The Most Important person in your life is you

The Most Important Thing In Your Life

Heart Shape made by two hands in front of a sunset

The most important thing in your life, is yourself. 

Is that hard to hear?

Does that sound selfish?

If so, you need a mindset shift.

And by you, I mean us…. society.

So many of us are feeling exhausted from trying to juggle all the things…. under pressure to do so much and be amazing at it all…. like we only have tiny bits of each aspect of our life together (but none of them fully)…. or like we can’t make ourself a priority,  because the people in our lives whom we love take priority over us.

So many of us are ignoring important messages our body is trying to send us, or we’re not tuning into these messages enough, or soon enough. When life is humming along, and we seem to be dealing with everything life throws our way, it’s so easy to think that we are fine. The constant pumping of adrenaline in response to stress will maintain this illusion. Until we finally stop, and it hits us.

You can’t pour from an empty cup.

You can not give anything to anyone or anything if you are exhausted, depleted and empty.

You are the most important thing in your life.

It’s time we started thriving rather than merely surviving. It’s time we started being kinder to ourselves. It’s time we starting simplifying self care for ourselves.

This was the big driver behind our BEND BUBBLES & BESTIES event we held earlier this year at The Little Zen Den with Guided Heart Movement, Natalie McGrath Naturopath and The Wanderlust Age. Read on to hear my three big take aways from the day.


 

1. We’re often told to ‘manage stress’, but many of us don’t realise where stress can come from.

Natalie McGrath Naturopath talked to us about stress. Where it can come from, how our bodies respond to it and what can happen to our bodies if we are in a constant state of stress. When we think of stress, we most often think of the stress that comes from dealing with everyday frustrations (ie. work, traffic, relationships, to-do-lists). But what was eye-opening for many to learn was that our bodies stress response can also be triggered by a range of other things, like sleep issues (ie. disrupted sleep or shift work), poor diet choices and low physical activity levels.

How do we know if our bodies are under too much stress? Thats where take away #2 comes in…

2. We’re often told to ‘listen to our body’, but many of us don’t know what we’re listening for. 

Is your body trying to get your attention? Do you experience:

  • Exhaustion, especially in the afternoon
  • Feeling like you can’t live without coffee
  • Craving sugar, particularly mid afternoon
  • Feeling overwhelmed often
  • Brain fog or fussiness
  • Finding it hard to go to sleep and stay asleep
  • Overreacting easily even if you don’t display it outwardly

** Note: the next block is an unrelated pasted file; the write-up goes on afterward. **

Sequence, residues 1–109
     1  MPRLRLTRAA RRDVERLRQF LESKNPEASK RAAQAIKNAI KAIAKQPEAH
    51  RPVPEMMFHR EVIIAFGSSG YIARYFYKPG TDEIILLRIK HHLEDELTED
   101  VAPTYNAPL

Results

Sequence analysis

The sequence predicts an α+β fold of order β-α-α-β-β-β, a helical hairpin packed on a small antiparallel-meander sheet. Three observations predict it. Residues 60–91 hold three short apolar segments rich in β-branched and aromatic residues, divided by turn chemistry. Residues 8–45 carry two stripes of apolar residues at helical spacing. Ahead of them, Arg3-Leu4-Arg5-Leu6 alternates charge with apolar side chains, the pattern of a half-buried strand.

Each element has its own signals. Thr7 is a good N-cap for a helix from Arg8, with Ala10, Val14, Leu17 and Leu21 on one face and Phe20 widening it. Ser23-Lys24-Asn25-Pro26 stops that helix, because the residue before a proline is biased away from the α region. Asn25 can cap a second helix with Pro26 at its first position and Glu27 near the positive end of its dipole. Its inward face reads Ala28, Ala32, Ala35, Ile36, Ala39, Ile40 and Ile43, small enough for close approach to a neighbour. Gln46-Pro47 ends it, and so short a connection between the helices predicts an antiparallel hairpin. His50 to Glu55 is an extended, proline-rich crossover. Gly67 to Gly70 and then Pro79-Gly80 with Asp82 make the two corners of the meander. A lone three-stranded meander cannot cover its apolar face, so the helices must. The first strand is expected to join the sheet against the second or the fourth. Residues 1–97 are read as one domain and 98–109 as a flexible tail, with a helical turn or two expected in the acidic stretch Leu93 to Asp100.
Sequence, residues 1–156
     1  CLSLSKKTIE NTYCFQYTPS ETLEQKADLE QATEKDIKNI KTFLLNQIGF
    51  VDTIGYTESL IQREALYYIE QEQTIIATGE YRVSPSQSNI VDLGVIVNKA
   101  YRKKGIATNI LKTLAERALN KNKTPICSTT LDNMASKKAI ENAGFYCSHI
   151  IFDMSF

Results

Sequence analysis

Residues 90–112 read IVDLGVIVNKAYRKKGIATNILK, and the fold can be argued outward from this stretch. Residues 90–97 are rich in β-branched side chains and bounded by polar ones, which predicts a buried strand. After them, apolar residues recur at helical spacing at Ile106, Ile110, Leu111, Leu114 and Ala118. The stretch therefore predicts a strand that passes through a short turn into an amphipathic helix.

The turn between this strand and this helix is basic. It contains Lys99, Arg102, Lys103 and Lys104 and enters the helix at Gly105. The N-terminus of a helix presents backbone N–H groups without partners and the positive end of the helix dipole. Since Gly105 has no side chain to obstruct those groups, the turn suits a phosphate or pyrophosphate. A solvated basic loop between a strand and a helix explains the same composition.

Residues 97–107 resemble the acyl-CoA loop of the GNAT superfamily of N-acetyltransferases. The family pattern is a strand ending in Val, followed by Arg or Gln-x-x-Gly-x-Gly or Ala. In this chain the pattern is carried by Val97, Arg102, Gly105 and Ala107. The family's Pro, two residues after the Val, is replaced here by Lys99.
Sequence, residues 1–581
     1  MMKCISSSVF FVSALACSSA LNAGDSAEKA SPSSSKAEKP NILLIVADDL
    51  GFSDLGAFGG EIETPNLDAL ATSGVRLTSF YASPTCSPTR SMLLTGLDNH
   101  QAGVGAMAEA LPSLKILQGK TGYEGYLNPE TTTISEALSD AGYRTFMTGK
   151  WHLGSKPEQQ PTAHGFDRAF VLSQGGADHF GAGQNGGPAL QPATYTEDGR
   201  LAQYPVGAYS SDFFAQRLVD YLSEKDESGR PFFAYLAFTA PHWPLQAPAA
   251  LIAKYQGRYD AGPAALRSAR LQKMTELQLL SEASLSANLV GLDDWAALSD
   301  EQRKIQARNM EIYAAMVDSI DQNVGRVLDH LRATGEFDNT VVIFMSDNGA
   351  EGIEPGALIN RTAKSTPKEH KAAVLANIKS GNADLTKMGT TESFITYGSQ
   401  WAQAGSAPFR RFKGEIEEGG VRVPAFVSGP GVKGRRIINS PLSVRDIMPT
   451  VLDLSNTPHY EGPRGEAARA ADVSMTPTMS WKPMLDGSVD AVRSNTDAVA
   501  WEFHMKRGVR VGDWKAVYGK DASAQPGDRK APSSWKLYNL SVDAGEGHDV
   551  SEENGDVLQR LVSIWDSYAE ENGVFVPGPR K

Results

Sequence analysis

• Having problems with your periods (ie. heavy, clotty, irregular, PMS)
  • Finding it hard to lose weight (especially around the abdomen)
  • Poor short-term memory
  • Digestive issues (ie. bloating or IBS) often
  • High blood pressure of palpitations
  • Feeling anxious or depression
  • No libido or desire for sex

Listening to these kinds of messages when they are merely whispers, rather than waiting for them to all scream at once (which they have been known to do) is the key! This might require making a habit of checking in with yourself regularly. Keeping a journal can be a helpful tool to do this (ie. Track how you’re feeling, coping or responding, and/or, track your food, drink and exercise habits. You’re more likely to notice ‘whispers’ when you’ve been writing them down).

3. We’re often told to practice self care, but many of us don’t understand how to do this.

Darielle from The Wanderlust Age spoke to us about the importance of self care and being kind to ourselves. She highlighted that self care doesn’t need to be complicated, time consuming or expensive. It can actually be simple. Really simple. A 5 minute walk during your lunch break. A cup of tea on the verandah when you wake. Stopping to watch the sunset. Taking a few deep breathes when you’re sitting in a traffic jam. Using a meditation app 5 minutes before bedtime. Saying no to taking on, helping with or attending that ‘extra thing’. Grabbing the phone and calling a friend for a chat. Watching a few funny animal videos for a good laugh.

Self care also encompasses those ‘bigger picture’ physical, mental and emotional health habits we practice. Like, what we eat, how much we move, what we tell ourselves (ie. inner dialogue), how we help ourselves to get as much quality sleep as possible, and more. But let’s get real – health is not about perfection, its about consistency!! Aiming to be perfect with all our health habits is not actually working in our favour, it’s adding to our stress. Having a consistent and proactive approach however, can work in our favour. Especially during those ‘busy times’ we KNOW are coming (I’ve discussed this ‘proactive approach’ in a previous post ‘Nobody Panic…. Christmas is here again‘).

 

 

 

 

 

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